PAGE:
I am an expert at helping people change how they think, feel and behave. I help people find ways to motivate themselves to change and ways to stay on track once they begin. My specialty is addictions, but I see clients with many different kinds of problems, for example, relationship problems, depression, anxiety and procrastination. I help people figure out what they want to do and then how to go about doing it. My book Managing Addictions: Cognitive, Emotive and Behavioral Techniques outlines techniques to help people feel and do better next week and next year.
I look for ways people have helped themselves change in the past and for ways that they might be willing to use in the future. I offer techniques from various kinds of cognitive-behavioral therapy (for example, ACT, DBT and REBT). All good therapy combines empathy, some exploration of the past so as to better understand why we do what we do, evidence-based, techniques, skillful, mindful ways to help you behave more often in line with your goals and values.
I trained with and worked closely (for over 20 years) with Albert Ellis, the founding father of REBT, one of the first non-psychoanalytic, cognitive-behavioral therapies. I have been married, divorced and remarried (for over twenty-five years) and have raised five children in NYC. Reality and practice have been good teachers.
About F. Michler Bishop
I grew up in a suburb of New York City but moved into the city right after I graduated from Yale. I absolutely love its diversity and intensity. My adventures as a young man had a major role in making me who I am. A job as a deckhand on the Mississippi River was the fulfillment of a dream to follow in Mark Twain’s footsteps. I later worked as a roughneck on an oil rig in Montana and went to Chile on my own at 19, winding up in the iron mines in the northern desert. So, although I teach at a university, I have not spent all my time in an ivory tower.
At 40, I knew I wanted to do something different and more engaging with my life, which meant finishing my PhD (at 42), passing the NYS psychology license, and then two years of post-doctoral training at the Albert Ellis Institute. Ellis had rejected psychoanalysis and created a new form of therapy, focused more on how to help people change. He called it Rational Emotive Behavior Therapy (REBT), an integrative approach and the first truly cognitive-behavioral therapy. CBT and REBT have become the most popular and effective forms of therapy today. Working with Ellis, I learned quickly how to do a more effective form of therapy, and over 20 years had the good fortune to run many groups and workshops with him throughout the country and overseas.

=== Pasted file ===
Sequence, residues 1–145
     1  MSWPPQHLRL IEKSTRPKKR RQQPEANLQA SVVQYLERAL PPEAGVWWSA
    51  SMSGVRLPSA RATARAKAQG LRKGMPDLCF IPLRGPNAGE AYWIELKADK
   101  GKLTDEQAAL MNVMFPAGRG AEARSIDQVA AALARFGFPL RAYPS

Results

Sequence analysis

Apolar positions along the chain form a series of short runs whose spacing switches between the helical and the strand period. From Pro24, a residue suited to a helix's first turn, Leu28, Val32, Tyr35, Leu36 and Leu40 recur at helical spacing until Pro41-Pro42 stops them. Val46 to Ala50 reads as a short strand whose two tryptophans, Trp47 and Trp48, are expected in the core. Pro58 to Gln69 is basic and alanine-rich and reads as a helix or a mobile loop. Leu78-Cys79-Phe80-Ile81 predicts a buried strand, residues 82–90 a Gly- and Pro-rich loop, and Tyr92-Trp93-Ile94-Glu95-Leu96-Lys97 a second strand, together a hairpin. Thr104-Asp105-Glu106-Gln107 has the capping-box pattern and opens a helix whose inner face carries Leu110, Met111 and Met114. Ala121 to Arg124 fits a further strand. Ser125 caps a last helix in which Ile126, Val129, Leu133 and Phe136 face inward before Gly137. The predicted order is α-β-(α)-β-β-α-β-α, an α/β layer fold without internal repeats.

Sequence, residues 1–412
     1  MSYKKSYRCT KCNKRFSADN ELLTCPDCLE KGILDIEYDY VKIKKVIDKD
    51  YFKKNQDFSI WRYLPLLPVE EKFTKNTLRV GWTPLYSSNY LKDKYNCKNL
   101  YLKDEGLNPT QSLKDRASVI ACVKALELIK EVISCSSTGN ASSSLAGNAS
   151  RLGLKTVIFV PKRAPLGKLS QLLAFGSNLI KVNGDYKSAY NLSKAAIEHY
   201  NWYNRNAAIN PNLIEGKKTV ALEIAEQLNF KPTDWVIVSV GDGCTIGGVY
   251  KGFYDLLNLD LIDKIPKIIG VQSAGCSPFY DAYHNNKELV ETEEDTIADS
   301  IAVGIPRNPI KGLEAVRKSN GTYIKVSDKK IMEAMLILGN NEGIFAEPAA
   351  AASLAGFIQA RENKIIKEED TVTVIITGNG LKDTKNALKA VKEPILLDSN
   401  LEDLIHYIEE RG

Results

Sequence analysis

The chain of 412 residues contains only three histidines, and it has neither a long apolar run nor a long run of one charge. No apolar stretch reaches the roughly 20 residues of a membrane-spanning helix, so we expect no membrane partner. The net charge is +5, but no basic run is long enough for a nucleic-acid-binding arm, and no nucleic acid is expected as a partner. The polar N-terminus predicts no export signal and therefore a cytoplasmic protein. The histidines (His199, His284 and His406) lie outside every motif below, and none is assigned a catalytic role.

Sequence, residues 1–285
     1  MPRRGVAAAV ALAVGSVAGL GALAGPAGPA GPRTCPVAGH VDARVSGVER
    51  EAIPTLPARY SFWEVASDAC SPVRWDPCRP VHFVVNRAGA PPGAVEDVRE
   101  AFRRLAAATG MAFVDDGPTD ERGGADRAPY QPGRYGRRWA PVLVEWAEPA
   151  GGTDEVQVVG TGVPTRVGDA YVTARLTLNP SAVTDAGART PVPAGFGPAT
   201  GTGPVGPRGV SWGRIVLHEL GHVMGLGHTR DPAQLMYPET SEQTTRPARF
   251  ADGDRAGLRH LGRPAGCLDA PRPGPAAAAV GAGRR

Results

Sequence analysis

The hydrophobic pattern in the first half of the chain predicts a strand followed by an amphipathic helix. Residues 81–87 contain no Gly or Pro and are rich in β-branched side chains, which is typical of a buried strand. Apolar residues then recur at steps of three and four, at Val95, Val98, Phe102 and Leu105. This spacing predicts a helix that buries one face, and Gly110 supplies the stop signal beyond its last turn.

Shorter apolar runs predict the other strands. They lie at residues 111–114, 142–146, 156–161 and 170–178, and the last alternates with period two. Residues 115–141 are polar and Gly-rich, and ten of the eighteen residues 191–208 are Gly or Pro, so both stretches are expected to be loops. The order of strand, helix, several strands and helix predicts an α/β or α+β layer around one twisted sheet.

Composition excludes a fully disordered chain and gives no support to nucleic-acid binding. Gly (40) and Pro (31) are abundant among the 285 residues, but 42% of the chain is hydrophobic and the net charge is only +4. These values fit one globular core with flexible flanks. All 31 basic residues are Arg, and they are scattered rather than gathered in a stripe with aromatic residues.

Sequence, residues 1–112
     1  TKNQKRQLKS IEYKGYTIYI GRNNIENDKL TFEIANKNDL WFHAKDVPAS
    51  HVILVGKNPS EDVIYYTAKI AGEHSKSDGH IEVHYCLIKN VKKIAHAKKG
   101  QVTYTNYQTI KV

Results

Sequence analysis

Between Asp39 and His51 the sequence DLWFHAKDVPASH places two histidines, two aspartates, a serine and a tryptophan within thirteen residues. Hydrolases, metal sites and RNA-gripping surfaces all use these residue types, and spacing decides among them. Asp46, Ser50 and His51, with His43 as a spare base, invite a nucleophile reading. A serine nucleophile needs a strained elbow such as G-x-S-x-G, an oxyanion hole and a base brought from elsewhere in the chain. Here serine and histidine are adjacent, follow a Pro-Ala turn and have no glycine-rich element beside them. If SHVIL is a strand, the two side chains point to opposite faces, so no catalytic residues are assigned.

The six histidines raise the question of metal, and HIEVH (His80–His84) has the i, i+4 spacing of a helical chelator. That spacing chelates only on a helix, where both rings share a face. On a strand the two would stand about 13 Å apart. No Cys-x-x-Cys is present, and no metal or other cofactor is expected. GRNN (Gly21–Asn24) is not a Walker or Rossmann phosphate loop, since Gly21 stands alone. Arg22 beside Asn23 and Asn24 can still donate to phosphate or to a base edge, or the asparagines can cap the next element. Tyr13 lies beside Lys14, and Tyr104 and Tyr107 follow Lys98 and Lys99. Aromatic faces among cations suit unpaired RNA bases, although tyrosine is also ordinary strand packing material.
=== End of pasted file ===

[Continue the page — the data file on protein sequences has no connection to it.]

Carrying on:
At the same time, I have taught college to a wonderfully diverse, enthusiastic and bright bunch of students at the State University of New York, College at Old Westbury. The introduction of computers, lcd projectors, YouTube and online, hybrid courses have keep such a long, on-going career continuously novel, engaging and often fun.
Right after college, I married, too young, but full of enthusiasm and hope and dreams. That was not sufficient, and divorce followed. The children stayed with me. After too long a time, I finally found a beautiful, life-long partner – and more children followed, with the typical stresses and strains that of families. Although not an AA member, all of this has helped me (or perhaps I should say, forced me) to figure out what I can change and what I had better accept I cannot.
I have been helped along the way by the fact that psychotherapy has changed. Good, effective therapy now focuses on how people can change. The old focus was on insight. Sometimes it worked. Often, it did not. Over the past 25 years, I have studied and learned how to more efficiently help people change and how to help them accept aspects of their lives that they cannot change. It has been and is a challenging, engaging, and enjoyable profession, and I am still learning.